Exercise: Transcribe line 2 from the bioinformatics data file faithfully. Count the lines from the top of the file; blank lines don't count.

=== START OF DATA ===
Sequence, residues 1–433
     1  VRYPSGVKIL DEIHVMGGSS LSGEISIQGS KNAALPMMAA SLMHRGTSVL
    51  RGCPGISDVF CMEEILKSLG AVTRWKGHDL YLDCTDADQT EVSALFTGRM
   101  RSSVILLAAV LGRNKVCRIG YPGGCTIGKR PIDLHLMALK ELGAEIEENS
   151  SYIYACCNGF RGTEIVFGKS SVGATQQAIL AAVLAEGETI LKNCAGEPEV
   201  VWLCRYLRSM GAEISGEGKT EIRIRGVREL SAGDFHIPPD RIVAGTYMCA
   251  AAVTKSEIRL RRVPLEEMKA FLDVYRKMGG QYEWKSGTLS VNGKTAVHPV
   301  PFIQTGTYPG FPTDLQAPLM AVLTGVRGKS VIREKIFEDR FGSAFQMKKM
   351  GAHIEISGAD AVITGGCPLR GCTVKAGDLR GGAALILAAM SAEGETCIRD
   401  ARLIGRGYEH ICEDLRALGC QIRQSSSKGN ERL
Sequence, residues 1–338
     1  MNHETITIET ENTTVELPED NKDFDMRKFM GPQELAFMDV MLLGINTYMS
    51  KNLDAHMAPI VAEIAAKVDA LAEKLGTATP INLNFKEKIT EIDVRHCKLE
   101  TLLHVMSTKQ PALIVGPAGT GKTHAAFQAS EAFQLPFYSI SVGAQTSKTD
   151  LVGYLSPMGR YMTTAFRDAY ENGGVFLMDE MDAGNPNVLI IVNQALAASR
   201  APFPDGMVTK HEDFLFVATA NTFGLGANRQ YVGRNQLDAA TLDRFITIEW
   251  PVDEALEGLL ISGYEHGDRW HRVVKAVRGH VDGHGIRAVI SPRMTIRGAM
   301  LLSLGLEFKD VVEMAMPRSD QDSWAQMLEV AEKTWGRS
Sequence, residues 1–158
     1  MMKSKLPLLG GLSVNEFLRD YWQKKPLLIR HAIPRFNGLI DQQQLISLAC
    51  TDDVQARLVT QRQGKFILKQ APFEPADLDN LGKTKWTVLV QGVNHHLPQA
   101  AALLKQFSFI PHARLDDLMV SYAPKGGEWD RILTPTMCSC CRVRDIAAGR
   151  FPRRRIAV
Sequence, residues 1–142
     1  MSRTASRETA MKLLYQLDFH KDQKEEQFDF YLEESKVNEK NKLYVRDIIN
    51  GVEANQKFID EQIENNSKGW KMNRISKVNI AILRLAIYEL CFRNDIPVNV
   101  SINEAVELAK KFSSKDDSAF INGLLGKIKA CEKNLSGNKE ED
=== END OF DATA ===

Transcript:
     1  VRYPSGVKIL DEIHVMGGSS LSGEISIQGS KNAALPMMAA SLMHRGTSVL